Matching Engine

The CVEX Protocol's Matching Engine is designed to overcome challenges inherent in implementing a traditional order book within a smart contract environment. A key issue arises when a taker order matches with a significantly large number of maker orders, disproportionately increasing execution costs for the taker. To address this, CVEX divides the order matching process into two distinct phases:

  1. Order Sampling: In this phase, matched limit orders are efficiently sampled from the order book and transferred into a clearance queue as a collective group. This process is managed by the entity initiating the taker order.

  2. Order Clearance: This phase involves the execution of queued orders and is carried out by Clearance Bots.

For efficient order sampling, the CVEX Protocol utilises a specialised data structure similar to an Order Statistic Tree. This binary tree, which separates buy and sell orders for each contract, exhibits the following characteristics:

  • Each node in the tree represents a limit order, without intermediate nodes.

  • Orders are organised based on traditional order book rules, sorted by price and then by time of placement.

  • The AVL algorithm, tailored for smart contract environments to minimise read operations during rebalancing, ensures effective depth maintenance.

  • Every node cumulatively tracks the sum of quote amounts (in contract value) and net amounts (in USDC) for all encompassed orders within their respective subtrees.

This order organisation enables efficient aggregated requests, such as grouping orders by price intervals or their cumulative amounts. In the matching process, the protocol first locates a path from the root to the final order matched a taker order. This is achieved by navigating from the root, ensuring the cumulative quote amount on the left side of the path equals the taker order's size.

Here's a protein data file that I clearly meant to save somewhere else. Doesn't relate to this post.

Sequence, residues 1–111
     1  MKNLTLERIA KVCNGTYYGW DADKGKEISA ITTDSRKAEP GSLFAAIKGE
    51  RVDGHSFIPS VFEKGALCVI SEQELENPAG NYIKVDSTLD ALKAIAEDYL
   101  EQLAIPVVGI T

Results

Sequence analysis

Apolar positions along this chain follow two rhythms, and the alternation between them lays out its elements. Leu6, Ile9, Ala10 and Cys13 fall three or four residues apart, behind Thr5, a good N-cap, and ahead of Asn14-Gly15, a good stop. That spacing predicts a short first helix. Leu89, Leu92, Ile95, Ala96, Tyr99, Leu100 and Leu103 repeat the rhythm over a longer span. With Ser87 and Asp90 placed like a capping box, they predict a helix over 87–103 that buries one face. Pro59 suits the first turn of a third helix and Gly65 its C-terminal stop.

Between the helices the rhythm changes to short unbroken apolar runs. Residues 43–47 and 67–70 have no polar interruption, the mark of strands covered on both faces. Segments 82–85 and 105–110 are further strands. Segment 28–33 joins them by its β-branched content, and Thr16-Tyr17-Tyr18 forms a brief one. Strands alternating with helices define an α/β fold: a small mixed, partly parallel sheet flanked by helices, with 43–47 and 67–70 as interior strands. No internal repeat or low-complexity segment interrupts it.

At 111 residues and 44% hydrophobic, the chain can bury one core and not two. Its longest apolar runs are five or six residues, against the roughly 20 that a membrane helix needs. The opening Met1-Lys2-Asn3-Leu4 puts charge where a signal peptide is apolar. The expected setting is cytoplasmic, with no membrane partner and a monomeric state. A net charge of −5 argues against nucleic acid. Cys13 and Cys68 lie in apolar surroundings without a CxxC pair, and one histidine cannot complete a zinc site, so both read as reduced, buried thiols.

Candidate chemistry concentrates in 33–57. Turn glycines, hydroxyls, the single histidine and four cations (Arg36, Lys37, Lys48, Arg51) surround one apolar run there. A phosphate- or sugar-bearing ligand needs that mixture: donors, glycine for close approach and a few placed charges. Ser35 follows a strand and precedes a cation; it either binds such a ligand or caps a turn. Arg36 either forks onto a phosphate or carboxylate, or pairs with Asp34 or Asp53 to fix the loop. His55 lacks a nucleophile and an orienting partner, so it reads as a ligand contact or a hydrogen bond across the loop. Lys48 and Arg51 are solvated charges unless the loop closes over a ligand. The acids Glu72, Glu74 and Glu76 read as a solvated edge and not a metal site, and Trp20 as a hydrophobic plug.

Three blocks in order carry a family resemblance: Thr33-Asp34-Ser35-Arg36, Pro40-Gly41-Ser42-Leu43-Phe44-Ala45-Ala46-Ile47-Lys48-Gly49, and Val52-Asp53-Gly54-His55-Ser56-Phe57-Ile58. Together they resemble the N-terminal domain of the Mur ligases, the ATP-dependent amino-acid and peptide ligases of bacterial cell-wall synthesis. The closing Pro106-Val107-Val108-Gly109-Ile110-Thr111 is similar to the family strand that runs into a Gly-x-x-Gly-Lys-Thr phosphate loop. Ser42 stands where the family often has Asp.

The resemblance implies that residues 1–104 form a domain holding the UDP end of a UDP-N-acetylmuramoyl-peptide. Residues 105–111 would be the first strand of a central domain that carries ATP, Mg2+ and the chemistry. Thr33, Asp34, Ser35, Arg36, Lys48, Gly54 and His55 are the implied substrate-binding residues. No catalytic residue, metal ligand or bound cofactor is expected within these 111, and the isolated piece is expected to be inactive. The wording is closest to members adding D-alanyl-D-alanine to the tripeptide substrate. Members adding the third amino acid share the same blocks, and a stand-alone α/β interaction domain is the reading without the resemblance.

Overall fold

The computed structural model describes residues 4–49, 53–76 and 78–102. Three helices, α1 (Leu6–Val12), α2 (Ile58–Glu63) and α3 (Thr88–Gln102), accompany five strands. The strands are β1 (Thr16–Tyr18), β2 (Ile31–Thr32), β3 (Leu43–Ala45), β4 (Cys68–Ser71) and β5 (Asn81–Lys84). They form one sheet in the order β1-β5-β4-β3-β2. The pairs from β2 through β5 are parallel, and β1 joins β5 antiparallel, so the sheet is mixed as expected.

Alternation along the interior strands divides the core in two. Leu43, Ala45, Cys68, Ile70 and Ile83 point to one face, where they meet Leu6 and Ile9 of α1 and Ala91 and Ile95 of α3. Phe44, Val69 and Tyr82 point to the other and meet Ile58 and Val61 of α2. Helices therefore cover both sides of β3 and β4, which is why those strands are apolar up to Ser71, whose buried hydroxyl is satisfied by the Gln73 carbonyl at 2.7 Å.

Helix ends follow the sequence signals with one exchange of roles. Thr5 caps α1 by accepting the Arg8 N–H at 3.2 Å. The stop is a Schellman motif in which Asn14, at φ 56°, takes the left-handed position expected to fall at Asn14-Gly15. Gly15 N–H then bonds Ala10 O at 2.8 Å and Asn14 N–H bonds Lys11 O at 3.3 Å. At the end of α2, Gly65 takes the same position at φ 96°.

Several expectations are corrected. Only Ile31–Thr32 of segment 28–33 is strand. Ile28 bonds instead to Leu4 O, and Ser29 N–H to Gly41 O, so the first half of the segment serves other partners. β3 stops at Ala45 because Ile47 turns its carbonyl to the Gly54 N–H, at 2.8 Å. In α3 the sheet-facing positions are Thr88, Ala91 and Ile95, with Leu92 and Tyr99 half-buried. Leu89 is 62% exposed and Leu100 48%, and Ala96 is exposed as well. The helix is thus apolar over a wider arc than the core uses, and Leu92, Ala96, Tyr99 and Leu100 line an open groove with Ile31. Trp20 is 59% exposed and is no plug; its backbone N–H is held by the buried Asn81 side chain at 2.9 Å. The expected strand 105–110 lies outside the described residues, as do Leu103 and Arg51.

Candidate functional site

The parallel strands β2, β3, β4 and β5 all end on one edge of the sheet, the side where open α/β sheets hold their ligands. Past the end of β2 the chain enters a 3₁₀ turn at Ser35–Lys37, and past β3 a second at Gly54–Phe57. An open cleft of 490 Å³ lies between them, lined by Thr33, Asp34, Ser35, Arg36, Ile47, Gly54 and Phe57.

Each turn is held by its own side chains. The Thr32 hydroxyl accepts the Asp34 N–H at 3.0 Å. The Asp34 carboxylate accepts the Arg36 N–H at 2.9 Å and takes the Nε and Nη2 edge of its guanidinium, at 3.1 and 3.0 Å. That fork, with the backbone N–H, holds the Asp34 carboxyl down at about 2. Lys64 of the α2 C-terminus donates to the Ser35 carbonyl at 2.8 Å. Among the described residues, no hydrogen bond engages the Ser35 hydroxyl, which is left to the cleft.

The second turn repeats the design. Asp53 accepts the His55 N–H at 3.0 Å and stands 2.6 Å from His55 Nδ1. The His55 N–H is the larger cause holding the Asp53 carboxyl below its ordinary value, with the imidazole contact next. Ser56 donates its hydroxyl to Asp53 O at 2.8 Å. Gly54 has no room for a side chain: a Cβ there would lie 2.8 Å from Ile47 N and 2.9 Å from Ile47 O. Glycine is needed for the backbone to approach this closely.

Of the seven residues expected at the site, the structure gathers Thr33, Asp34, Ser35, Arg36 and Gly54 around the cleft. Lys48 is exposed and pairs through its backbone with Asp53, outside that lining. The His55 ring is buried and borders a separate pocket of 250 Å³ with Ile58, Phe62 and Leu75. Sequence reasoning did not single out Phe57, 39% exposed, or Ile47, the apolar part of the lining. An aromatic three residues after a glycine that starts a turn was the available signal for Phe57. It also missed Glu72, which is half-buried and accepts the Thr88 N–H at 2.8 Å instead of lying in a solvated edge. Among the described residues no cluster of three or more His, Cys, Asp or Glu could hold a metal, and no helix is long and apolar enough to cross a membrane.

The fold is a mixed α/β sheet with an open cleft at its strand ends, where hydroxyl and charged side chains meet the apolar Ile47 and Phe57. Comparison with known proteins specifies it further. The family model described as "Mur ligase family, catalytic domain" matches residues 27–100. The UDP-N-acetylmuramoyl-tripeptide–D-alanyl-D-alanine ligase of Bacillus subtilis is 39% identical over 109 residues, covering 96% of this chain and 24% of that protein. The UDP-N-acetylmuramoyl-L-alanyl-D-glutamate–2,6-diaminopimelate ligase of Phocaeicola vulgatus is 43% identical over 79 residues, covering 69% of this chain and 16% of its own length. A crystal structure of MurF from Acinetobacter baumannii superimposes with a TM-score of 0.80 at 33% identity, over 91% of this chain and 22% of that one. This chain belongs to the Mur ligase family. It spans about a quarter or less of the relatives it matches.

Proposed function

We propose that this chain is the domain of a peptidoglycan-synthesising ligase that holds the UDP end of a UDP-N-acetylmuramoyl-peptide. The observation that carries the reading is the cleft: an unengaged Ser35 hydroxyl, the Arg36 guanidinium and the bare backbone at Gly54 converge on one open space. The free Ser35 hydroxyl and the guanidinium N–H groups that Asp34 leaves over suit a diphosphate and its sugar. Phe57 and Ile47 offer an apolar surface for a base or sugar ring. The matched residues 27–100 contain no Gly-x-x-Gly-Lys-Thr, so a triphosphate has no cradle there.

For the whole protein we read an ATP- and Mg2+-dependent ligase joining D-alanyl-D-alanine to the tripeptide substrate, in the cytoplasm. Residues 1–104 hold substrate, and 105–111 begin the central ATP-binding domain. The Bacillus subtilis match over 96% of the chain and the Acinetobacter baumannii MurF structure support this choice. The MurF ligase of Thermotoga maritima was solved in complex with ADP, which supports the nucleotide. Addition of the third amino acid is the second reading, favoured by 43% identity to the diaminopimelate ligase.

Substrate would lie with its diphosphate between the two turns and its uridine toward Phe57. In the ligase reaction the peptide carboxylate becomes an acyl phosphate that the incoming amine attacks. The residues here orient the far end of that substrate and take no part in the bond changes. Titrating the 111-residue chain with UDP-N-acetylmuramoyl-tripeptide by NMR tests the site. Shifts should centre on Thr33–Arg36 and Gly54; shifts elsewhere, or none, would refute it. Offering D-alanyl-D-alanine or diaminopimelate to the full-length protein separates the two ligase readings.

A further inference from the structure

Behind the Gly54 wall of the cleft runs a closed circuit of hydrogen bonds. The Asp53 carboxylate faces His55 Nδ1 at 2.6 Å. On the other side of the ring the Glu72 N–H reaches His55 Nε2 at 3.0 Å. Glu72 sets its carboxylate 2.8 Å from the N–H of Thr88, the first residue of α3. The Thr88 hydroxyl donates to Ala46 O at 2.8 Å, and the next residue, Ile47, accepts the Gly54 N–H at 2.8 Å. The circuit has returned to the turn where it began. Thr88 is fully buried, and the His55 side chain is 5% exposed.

Upon identifying the last order, the tree is divided along this path into two distinct sections: a forest of subtrees containing matched orders and an unbalanced tree with the remaining orders. The forest comprises a number of subtrees, capped by the original tree's height O(logn)O(\log n), where nn is the total number of orders. If the last order is partially matched, the protocol duplicates its node, including it in both the forest and the remaining tree.

After the tree cut, the remaining tree is rebalanced with at most O(logn)O(\log n) rotations. The root nodes of the matched subtrees are then moved to the clearance queue, also with O(logn)O(\log n) complexity.

This distinctive process separates the execution of taker orders from matched maker orders. Instead of immediate execution, matched maker orders are queued for clearance, processed with O(n)O(n) complexity by Clearance Bots. The gas for this clearance is pre-funded by the Operational Fees paid by limit order owners, stored in the Operational Fund until order fulfilment. Clearance Bots receive reimbursement for the gas burned for order clearance from the Operational Fund, with an added premium.

CVEX's matching engine thereby ensures O(logn)O(\log n) complexity for executing orders, regardless of the number of matched orders. This approach enables the traditional order book model to operate on-chain, ensuring both fair cost distribution and efficient order processing.

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